For years marital crack-ups happened to the hill dwellers of Hollywood but never of Washington. Politics, like any other business, made strained bedfellows, but senators and their ladies grinned and bore it. Then, in a rush, couples like Minnesota’s Gene McCarthys, California’s John Tunneys and Kansas’ Robert Doles all split. But, curiously, the real blazers of the forked trail—Wisconsin’s Bill and Ellen Proxmire—are now back together after four years of legal separation.
Any objective observer would empathize with Ellen, instigator of the temporary break. Proxmire is by all accounts demonically dedicated to the service of his constituents but hell as a husband. He prides himself on having never missed a roll call—he is now past 3,700, setting all-time American records for Senate attendance and, no doubt, for missing family meals. And as Washington’s leading fitness freak, Bill arises at 5:30 a.m. every day, runs (not jogs) the 4.7 miles to work and also gets in a swim. All totaled, he sometimes consumes as many weekly waking hours (at least two a day) exercising as he spends with his wife.
But the Proxmires found the singles situation even more untenable than marriage. For her part, Ellen concluded that “someone who is my age”—she is 50—”can’t really date. I just felt silly. Washington can be a cruel town, and because my name is Proxmire I was never disassociated from Bill.” Proxmire suffered his share of mortification. When he went into cosmetic surgery to unpack the bags under his eyes and resod his eroding hairline and deleted his birthdate from the Congressional Record (it’s Nov. 11, 1915), all he proved was a vanity as towering as the Washington Monument. “I was unhappy during the separation,” he recalls. So now he talks almost as if it never took place. “Some married couples say, why don’t we try twin beds instead of a double bed? We just went a little further and said, ‘Let’s live in separate houses.’ ”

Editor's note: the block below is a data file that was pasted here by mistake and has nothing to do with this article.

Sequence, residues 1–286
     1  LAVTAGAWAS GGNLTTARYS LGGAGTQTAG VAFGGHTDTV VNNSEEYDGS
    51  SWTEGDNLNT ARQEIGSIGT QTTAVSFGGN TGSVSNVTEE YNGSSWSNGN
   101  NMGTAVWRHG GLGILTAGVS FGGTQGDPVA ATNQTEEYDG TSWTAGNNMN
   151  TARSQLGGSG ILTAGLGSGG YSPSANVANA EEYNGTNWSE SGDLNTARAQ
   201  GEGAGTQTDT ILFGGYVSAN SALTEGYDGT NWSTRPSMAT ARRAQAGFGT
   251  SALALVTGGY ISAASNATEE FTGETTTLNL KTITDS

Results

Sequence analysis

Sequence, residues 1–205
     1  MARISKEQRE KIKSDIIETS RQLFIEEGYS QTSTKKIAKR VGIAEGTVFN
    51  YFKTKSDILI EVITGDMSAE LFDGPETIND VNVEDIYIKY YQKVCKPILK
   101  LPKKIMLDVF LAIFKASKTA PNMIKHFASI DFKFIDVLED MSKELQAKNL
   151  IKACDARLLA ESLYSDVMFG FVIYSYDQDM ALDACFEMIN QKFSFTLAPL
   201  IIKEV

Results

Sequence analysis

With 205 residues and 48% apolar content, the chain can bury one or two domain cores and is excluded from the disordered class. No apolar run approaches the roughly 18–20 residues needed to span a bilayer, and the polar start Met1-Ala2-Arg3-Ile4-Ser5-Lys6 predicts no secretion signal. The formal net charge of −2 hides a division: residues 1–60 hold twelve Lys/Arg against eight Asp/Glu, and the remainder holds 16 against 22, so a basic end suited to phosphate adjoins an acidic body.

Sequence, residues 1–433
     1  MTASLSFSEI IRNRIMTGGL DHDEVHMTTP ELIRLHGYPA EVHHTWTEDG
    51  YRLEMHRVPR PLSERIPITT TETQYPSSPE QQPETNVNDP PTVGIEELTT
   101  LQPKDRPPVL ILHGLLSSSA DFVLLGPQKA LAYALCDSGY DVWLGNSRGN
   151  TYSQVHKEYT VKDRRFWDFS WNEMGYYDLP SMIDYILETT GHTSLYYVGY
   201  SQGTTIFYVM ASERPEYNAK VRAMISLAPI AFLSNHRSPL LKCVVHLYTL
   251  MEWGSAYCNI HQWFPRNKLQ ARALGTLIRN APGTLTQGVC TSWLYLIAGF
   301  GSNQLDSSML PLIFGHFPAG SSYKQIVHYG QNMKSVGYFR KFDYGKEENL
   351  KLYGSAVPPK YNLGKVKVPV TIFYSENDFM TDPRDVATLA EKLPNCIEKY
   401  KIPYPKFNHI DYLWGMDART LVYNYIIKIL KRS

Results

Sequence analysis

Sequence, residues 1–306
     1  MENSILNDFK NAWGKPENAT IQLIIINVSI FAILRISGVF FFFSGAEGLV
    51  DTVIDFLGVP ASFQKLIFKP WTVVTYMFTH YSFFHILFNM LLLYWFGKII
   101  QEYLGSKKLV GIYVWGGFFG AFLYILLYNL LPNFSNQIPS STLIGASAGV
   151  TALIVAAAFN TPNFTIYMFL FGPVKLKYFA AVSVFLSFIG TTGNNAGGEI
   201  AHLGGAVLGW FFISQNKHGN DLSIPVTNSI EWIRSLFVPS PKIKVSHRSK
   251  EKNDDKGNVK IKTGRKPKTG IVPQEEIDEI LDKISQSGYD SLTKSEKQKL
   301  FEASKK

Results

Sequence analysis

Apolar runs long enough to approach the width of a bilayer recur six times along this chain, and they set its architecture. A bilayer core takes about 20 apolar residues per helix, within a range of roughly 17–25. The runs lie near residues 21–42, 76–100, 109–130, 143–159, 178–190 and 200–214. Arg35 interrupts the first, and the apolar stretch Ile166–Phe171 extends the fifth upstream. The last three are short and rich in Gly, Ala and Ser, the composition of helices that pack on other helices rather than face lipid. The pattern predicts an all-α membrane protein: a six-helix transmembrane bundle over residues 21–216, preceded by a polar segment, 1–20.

What mended their fences, Ellen believes, “was the gradual realization that we had invested a lot of years in each other and had more in common than not. I’ve known Bill since 1949.” Their son, Douglas, now 13, whom she says was “devastated” by the split, took his parents to school activities and promoted Sunday suppers together. (During the separation, the Proxmires lived in houses on the same street so Douglas could walk back and forth daily.) Last December, on their 18th wedding anniversary, Ellen wrote Bill a long letter which said, “maybe we should rethink all of this.” “It was hard for Ellen to be married to this senator,” Proxmire now owns up. “It’s a difficult, cruel, one-sided life. A wife knows that when she makes a mistake it’s harmful, but it is hard for her to do anything that gets much credit. All her talents were submerged. I did all the taking, and she did all the giving.”